If you are very fortunate, you, or maybe a neighbour, will have a Brown Turkey Fig in the garden. We do, and we always get a fabulous crop of huge, luscious figs in July or August. Our fig tree is a sport of one which has regularly been doing the rounds in our part of North Essex. Nearly every large country house in our village has one directly propagated from an original specimen planted around 70 years ago!
Now it is common knowledge that you rarely get the second crop of figs, ready around November, to ripen properly for the table in the UK. Our first summer crop produces huge fruits, but not in any real quantity. The second crop, however, is always much more prolific, albeit having much smaller specimens. We usually pick these off and discard them in October, when the weather starts to turn.
This has been an exceptionally mild and wet autumn however, and I noticed that these small fruits were not only growing, but starting to ripen too! Hence my foray into Fig Jam making. So sublime, and I can’t think why I did not do this before now. It is the perfect accompaniment to foie gras, chicken liver pate, or even a simple lunch of Parma Ham and some good goats cheese.
The method is incredibly simple.
INGREDIENTS enough to make 2 X 1 lb / 500g kilner jars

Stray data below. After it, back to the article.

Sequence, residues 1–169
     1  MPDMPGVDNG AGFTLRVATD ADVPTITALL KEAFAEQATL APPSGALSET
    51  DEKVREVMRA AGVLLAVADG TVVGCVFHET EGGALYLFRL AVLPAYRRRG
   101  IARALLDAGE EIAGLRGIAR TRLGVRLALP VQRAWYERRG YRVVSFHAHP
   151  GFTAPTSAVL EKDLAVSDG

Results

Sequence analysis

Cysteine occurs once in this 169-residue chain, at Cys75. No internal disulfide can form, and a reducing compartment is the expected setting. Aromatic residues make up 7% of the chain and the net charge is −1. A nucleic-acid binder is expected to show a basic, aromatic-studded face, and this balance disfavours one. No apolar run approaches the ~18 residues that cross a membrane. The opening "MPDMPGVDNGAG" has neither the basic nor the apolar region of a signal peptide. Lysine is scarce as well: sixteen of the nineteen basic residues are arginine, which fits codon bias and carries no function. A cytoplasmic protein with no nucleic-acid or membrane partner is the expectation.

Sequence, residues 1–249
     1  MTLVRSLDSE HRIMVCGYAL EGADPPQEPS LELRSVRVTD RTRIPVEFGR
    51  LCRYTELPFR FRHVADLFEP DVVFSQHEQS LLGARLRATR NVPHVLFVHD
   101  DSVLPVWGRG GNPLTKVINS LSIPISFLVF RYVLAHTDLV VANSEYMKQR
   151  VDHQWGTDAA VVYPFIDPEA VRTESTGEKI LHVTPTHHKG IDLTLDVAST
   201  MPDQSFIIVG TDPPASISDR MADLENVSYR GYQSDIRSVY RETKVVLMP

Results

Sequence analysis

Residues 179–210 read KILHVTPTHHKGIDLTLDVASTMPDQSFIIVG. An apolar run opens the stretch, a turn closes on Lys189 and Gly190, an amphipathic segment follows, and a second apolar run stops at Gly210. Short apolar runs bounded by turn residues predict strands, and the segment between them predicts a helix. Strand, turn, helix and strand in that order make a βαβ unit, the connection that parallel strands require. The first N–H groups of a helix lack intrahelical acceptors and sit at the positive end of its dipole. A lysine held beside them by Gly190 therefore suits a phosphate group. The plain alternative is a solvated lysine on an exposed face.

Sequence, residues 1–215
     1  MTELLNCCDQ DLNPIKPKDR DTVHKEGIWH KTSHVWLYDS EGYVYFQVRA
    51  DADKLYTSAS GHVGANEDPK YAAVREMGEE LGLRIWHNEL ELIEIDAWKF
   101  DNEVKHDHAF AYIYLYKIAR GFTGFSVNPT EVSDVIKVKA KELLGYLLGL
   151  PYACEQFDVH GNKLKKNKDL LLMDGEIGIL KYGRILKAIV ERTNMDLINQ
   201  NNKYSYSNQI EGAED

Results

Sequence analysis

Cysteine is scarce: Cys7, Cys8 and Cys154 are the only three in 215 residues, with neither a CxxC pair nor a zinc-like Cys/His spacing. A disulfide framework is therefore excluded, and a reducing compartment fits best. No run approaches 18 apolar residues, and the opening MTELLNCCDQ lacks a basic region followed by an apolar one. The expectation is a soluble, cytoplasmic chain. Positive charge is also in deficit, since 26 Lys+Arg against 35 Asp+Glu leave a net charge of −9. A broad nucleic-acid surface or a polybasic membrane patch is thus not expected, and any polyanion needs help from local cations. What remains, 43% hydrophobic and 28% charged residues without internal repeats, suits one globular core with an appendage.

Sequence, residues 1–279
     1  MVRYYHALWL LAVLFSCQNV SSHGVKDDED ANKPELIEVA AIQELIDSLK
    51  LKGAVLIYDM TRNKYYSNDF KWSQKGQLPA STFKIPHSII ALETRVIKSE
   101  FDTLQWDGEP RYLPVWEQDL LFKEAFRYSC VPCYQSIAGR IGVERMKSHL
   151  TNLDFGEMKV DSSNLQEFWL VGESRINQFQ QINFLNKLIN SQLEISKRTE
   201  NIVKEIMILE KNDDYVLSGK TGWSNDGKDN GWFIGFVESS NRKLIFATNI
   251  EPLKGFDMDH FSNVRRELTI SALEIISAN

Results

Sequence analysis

Around 2 lbs of small, slightly underripe figs. They must be a bit soft, turning brown on the outside, and red in the middle. It is preferable to pick them a few days before and get them to ripen a little on a sunny windowsill
1 and1/2 pounds of sugar
and around 1/4 pint of water
Cut the stems off the figs and halve each one. Put into a heavy saucepan with the water, cover and simmer very gently until soft. This will take at least half an hour, depending on how ripe they are. Or you could put them into the bottom oven of your aga to soften. It is best not to add the sugar until they are quite soft, because otherwise the skins would be too tough.
Take the zest off the lemon, and add it, plus all the squeezed juice to the pan, together with the sugar. Dissolve the sugar slowly. Simmer gently, stirring all the while, until the jam becomes thick and dark. This can take a good half an hour, or more, even up to 1 hour if the figs are underripe. You will know when it is done as the figs will have completely broken down and it will look dark and sticky, not watery, and taste like jam!
Then put it into previously warmed and sterilised kilner jars, or ordinary jam jars.
This should keep unopened in the fridge until Christmas!
It contains little sugar, so must be refridgerated.